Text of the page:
Thursday, April 12, 2012


Those Weird Designs, They Only Show What's Going on in Weirder Minds

As well as containing repetition, music is also unusual among the things we regularly encounter for being so similar each time we hear it. Fences are visually repetitive, for example, but each time you see the same fence you will look at it from a different angle, or in different light. Put a song on your stereo and the sound comes out virtually identical each time. Remembering is powerfully affected by repetition, so maybe the similarity of music engraves deep grooves in our mind. Grooves in which earworms can thrive.

The BBC explains earworms — snippets of music that get stuck in your head — and offers a possible solution: think of a similar song. ("My arm hurts." *WHACK* "Now my other arm hurts!") What's similar to this?

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Cool, I just got effing Kylie Minogue stuck in my head just from reading that article. Fghfjhdfkd!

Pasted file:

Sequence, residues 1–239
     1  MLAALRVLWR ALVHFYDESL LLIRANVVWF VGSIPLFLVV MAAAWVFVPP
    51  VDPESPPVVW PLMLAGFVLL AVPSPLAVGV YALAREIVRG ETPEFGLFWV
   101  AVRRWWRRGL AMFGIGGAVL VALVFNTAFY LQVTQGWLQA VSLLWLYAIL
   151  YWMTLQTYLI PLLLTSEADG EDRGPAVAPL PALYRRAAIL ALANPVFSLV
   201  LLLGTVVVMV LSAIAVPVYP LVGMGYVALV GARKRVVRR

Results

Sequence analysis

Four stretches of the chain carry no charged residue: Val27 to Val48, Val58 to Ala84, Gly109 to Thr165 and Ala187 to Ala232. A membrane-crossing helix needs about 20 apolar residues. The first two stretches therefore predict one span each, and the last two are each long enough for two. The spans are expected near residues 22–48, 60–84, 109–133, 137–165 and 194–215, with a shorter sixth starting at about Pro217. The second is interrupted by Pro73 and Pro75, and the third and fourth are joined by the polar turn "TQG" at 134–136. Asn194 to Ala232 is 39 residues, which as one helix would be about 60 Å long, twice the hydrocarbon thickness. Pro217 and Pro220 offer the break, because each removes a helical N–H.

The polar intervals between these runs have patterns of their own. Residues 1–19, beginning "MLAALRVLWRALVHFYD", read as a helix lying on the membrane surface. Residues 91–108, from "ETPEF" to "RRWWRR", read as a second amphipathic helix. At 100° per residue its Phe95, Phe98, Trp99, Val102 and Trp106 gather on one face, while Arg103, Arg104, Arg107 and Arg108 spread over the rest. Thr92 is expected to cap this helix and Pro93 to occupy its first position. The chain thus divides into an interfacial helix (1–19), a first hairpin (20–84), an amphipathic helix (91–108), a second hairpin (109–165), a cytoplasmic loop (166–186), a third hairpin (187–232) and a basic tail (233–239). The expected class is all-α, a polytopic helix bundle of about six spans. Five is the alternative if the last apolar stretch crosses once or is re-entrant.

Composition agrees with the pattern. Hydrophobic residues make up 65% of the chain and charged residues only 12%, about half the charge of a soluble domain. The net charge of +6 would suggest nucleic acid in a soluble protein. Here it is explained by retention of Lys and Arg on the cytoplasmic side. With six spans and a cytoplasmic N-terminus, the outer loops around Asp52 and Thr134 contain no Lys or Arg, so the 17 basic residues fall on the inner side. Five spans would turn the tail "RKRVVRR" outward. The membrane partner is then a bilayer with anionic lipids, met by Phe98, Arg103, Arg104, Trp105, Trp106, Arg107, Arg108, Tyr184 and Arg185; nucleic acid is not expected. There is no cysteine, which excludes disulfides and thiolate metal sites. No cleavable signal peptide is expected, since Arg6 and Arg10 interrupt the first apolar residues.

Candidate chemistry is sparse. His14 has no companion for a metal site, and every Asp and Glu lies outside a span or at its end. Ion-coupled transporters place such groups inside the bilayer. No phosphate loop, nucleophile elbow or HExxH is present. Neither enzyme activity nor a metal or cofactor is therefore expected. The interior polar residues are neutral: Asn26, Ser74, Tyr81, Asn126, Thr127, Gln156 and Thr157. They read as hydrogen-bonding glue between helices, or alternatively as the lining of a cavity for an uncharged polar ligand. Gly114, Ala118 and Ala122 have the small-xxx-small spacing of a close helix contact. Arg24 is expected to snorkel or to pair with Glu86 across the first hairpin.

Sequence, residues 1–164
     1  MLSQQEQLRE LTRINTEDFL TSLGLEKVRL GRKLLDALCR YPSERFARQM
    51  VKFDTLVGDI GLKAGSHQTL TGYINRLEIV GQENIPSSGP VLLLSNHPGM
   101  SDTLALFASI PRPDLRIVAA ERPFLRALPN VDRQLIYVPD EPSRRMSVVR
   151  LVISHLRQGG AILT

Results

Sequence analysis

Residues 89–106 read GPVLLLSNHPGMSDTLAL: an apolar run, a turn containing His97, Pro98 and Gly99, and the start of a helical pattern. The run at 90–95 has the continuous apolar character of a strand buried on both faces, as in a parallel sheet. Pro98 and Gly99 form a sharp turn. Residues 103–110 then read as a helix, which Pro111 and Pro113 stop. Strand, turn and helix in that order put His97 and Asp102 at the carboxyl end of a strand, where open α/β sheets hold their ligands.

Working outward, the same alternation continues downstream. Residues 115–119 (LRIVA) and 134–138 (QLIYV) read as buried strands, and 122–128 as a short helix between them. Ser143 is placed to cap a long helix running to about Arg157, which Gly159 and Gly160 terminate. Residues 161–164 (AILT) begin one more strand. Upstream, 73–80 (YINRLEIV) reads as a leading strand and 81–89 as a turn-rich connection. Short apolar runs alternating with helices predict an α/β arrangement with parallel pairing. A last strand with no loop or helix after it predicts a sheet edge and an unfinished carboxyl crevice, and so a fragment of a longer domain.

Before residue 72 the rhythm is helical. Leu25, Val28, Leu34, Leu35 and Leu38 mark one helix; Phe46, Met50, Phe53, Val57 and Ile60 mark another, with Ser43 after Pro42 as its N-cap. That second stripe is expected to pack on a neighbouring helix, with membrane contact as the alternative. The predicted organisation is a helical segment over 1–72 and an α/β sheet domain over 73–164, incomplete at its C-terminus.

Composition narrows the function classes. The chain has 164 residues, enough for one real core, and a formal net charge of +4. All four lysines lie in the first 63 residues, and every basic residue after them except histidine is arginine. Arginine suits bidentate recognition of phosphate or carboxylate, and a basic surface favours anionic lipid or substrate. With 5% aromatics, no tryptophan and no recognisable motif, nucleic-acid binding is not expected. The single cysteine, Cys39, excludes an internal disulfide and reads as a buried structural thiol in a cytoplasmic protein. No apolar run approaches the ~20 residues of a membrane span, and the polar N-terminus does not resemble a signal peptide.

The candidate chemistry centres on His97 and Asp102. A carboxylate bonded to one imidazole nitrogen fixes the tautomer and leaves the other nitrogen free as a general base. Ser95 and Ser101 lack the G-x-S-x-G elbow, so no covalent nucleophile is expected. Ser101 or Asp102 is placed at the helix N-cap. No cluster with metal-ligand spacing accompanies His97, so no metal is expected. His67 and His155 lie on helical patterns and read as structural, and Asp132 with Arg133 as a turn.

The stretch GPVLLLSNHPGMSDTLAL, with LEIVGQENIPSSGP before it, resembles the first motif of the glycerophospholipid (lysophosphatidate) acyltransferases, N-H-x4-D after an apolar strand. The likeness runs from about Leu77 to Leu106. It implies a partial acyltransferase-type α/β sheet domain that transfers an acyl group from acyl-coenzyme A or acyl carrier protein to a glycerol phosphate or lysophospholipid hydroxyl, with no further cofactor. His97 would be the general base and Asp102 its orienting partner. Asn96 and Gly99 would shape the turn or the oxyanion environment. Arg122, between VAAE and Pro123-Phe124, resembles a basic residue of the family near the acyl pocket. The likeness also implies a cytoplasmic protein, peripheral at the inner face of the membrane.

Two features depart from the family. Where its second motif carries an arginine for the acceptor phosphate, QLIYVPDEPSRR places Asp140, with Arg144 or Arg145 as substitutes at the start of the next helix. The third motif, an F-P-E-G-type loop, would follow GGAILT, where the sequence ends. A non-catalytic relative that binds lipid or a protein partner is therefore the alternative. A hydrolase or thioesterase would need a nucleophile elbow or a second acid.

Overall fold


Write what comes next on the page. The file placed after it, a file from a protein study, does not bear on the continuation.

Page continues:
But, I was hoping it would answer the question as to why I wake up every single morning with a song stuck in my head. These songs are usually completely arbitrary songs that I haven't heard for weeks or months or years, so I don't know how they get there. And they are usually AWFUL (one morning last week it was Enrique Iglesias; a few years ago, I woke up with Taylor Swift in my head every day for two months).


Same thing happens to me! I often wonder if I was dreaming about a certain song in the night. Then I wonder what the hell my brain was doing dreaming of "Stayin' Alive."


@Dancercise I know! Sometimes I think my dreams must have a background soundtrack that was chosen by a 13-year-old who solely listens to a radio station called "Top 40 Hits of the 90s & Today!"